Kenton Meadows Company, Inc., a West Virginia Corporation,kenton Meadows and Acel I. Meadows, Husband Andwife, Appellants, v. Commissioner of Internal Revenue, Appellee, 766 F.2d 142 (4th Cir. 1985)Annotate this Case
David K. Higgins, Charleston, W.Va. (Robinson & McElwee, Charleston, W.Va., on brief), for appellants.
Thomas M. Preston, Washington, D.C. (Michael L. Paup, Jonathan S. Cohen, Glenn L. Archer, Jr., Asst. Atty. Gen., Tax Div., Dept. of Justice, Washington, D.C., on brief), for appellee.
Before PHILLIPS and SPROUSE, Circuit Judges, and WARD, District Judge for the Middle District of North Carolina, sitting by designation.
HIRAM H. WARD, District Judge.
One corporate and two individual taxpayers challenge the June 25, 1984 decision of the United States Tax Court setting income tax deficiencies owed by Kenton Meadows Company, Inc. at $19,695 and $3,051 and by Kenton and Acel I. Meadows at $64,641 and $902 for the 1972 and 1973 tax years, respectively. Two issues are raised on appeal: (1) whether the Tax Court erred in determining that a distribution of bank stock owned by the corporate taxpayer in exchange for a portion of its outstanding stock was a distribution of property taxable as a dividend rather than as a capital gain resulting from a partial liquidation under 26 U.S.C. § 346(b),1 and (2) whether the Tax Court erred in finding that certain travel expenses were not deductible business expenses under section 162. The amount of the assessed deficiencies is not in question.
The material facts are largely stipulated by the parties and are detailed in the Tax Court opinion. At all times relevant Kenton Meadows (Meadows) was the sole shareholder of Kenton Meadows Company, Inc. (Company). On January 1, 1970, the Company merged with Pipeline Maintenance and Construction Inc., Meadows Stone & Paving, Inc., and Meadows Southern Construction, Inc., each of which was wholly owned by Meadows. Prior to the merger, the business of the Company included general contracting and equipment rental. By virtue of the merger, the Company's business also included pipeline maintenance and construction, asphalt paving, quarried stone sales, and road and bridge construction.
In 1970-71, the Company's pipeline business was concentrated in construction of "cross-country" gas pipelines. Because of a shortage of liquid capital, the Company experienced difficulty in obtaining necessary bonding for pipeline construction projects. To remedy this situation and at the urging of a bonding agent, Meadows transferred 150 shares of personally owned bank stock to the Company and received 550 shares of Company stock in return. Meadows' basis in the bank stock was $84,350. This transaction enabled the Company to acquire bonds for a four million dollar pipeline project which it completed by the end of 1971.
Unable to locate additional cross-country pipeline work, the Company decided to sell certain equipment known as "pipelayers" or "sidebooms" which were generally not adaptable for use in other construction unless the job required lifting and lowering of items comparable to the long, heavy pipe sections. Seven sidebooms were sold between January and March, 1972 for a total of $238,234. All of the sidebooms had been purchased by the Company, not Pipeline Maintenance and Construction, prior to the merger. Proceeds from the sale of the sidebooms went towards retiring "pipeline-related debt" which was collateralized not only by sidebooms but also by multi-purpose equipment retained by the Company. The Company also transferred the 150 shares of bank stock back to Meadows and redeemed the 550 shares of outstanding company stock previously exchanged therefor. At the time of this transfer, January 14, 1972, the fair market value of the bank stock had increased to $107,000.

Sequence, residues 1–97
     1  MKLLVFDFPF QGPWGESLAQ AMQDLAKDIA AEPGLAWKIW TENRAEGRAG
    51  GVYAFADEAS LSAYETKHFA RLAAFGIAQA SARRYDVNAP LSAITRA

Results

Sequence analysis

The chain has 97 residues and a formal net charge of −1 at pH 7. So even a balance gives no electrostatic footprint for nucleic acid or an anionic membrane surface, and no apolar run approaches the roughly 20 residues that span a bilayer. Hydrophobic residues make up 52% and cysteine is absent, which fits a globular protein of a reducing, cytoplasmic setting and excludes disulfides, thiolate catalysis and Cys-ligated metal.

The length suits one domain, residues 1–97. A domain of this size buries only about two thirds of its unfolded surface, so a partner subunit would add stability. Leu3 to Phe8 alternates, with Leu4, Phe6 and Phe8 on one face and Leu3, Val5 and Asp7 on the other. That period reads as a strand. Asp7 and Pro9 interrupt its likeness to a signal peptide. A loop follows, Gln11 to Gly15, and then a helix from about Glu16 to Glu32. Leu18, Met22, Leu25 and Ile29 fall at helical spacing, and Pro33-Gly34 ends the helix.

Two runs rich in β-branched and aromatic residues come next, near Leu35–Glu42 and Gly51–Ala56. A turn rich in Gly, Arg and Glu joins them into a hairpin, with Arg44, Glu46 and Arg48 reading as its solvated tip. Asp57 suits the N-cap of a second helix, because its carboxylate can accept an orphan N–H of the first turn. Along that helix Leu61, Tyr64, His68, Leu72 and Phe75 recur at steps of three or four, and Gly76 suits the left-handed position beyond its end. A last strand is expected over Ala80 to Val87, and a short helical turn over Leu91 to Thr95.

On June 2, 1972, the Company purchased a sideboom similar to those sold earlier that year. This equipment was never used in a pipelining operation but was rented to a railroad company. Since 1972, the Company has not performed any cross-country pipelining work but has performed smaller pipelining projects known as "utility" or "station" jobs.
The taxpayers assert that cross-country pipelining was a separate trade or business and that its termination is entitled to the favored status of section 346(b).2 For the sale of the sidebooms and transfer of the bank stock to be deemed a partial liquidation under section 346(b), there must be a finding of a trade or business which is separate from the remaining corporation. Two major factors in determining the existence of a separate trade or business can be gleaned from applicable Treasury Regulations and case law. The business must (1) contribute a substantial part of the combined corporate income, and (2) operate under some form of separate supervision and control. Mains v. United States, 508 F.2d 1251 (6th Cir. 1975), cert. denied, 439 U.S. 981, 99 S. Ct. 569, 58 L. Ed. 2d 652 (1978); Blaschka v. United States, 393 F.2d 983, 184 Ct. Cl. 264 (1968); Treas.Reg. Secs. 1.346-1(c), 1.355-1(c) (1960). The taxpayers contend that the Tax Court clearly erred in its findings regarding both of these factors.